I'm a rent controlled tenant and I pay 350 bucks a month. My neighbor pays 3,000, but when companies like Wal-Mart or Target look at the demographic they look at the specific targeted marketed area's age. Business is business. Sometimes good and sometimes as they say it now and "Epic fail." An if you want to talk about a good Pizzeria, I miss Nino's on Union st. Back in the early 90's Pizza there tasted perfect. So I do compensate on understanding how you feel about these big companies coming in and taking over.
Dec. 22, 2010, 11:48 pm
Real Smart Guy from Brooklyn Heights says:
When you say, "just b/c you feel that these small stores are getting replaced doesn't mean people aren't going to come to an area just because of the near by stores but they come for the area itself.", it makes my argument sound subjective when it's in reality objective. These stores ARE being replaced, it's not my opinion.

Where are you paying $350 a month in Brooklyn?

I've lived here my whole life too (I was born in the 80's though lol).

Well, that was 2 cents and a half. If you want to talk about Brooklyn's recent changes more let me know, I have many more arguments stocked in my arsenal.
Dec. 23, 2010, 12:20 am
Richard Grayson from Williamsburg says:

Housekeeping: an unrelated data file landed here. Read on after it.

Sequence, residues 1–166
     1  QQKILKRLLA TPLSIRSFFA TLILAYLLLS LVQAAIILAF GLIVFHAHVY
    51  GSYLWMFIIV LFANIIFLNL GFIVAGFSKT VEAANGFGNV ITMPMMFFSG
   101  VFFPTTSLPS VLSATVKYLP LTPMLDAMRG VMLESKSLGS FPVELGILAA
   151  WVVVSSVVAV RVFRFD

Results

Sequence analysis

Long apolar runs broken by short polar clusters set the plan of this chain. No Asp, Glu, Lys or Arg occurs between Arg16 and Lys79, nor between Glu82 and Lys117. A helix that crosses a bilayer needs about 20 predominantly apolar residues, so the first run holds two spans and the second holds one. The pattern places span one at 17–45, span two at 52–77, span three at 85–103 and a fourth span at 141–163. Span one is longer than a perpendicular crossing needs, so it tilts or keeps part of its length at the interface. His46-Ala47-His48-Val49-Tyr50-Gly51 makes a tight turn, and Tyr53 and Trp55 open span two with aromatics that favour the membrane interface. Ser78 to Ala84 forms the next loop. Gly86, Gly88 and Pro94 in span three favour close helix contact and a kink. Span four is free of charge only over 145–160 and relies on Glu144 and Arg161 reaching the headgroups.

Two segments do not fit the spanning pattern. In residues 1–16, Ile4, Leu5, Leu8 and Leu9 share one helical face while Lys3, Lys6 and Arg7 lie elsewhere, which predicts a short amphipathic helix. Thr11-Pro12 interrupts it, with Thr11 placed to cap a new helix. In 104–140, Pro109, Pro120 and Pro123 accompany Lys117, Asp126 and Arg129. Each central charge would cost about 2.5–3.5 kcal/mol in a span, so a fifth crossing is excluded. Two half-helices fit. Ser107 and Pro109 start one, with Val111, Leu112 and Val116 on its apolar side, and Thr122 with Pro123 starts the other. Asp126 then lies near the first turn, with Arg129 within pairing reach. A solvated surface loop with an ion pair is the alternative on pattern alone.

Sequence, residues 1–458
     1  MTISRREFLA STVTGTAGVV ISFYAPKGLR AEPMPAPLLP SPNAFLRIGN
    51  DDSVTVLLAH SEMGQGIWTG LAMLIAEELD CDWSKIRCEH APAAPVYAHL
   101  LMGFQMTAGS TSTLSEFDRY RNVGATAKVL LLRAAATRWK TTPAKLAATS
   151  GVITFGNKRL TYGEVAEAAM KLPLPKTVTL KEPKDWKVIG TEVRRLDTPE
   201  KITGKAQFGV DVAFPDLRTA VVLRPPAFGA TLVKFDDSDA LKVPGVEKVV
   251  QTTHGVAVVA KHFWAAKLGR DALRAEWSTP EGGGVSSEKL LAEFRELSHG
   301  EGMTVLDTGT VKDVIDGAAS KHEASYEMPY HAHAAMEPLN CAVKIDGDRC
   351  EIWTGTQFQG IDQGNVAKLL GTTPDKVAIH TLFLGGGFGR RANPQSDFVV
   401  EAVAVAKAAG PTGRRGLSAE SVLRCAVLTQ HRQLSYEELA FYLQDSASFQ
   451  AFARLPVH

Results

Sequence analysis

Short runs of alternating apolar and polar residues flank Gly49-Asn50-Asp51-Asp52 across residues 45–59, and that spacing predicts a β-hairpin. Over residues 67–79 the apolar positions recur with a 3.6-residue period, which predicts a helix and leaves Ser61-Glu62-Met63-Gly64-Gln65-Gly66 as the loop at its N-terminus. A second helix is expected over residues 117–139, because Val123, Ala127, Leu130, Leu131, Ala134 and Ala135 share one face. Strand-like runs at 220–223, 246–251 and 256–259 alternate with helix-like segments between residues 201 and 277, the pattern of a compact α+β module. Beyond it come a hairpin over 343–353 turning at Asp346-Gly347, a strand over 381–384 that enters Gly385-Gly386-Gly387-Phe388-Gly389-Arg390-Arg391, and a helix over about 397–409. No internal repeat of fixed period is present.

Really Smart Guy, you don't go to most chain stores but you go to Macy's once in a while? The Brooklyn chant of the 1940s and 1950s went like this:

I won't go to Macy's any more, more, more
There's a big fat policemen at the door, door, door
He'll squeeze you like a lemon
A kolatchkazollenemon
No, I won't go to Macy's anymore.
Dec. 23, 2010, 12:42 pm
Larry Littlefield from Windsor Terrace says:
Most national chains are local stores that were successful and were replicated.

What I want to know is, where are the New York stores that are expanding out, as opposed to stores from elsewhere coming in?
Dec. 23, 2010, 8:22 pm
chester from Fort Greene says:
Brooklyn will never be the same. I can say I don't mind the changes in the Fulton mall however what makes brooklyn uniquie is the people and the people that own certain stores. Its like family and most people who are not from brooklyn and come to live here will never understand that. ITs like they want brooklyn to be just like there neighborhood they just came from in "somewhere" America. With a wallmart, cosco, etc all the things within a stones throw. Well before all of that there were mom and pop stores and a true trendsetters with good businesses in the boro. Awwww brooklyn lets remain unique please...the chain stores can stay in manhattan
Dec. 23, 2011, 1:56 pm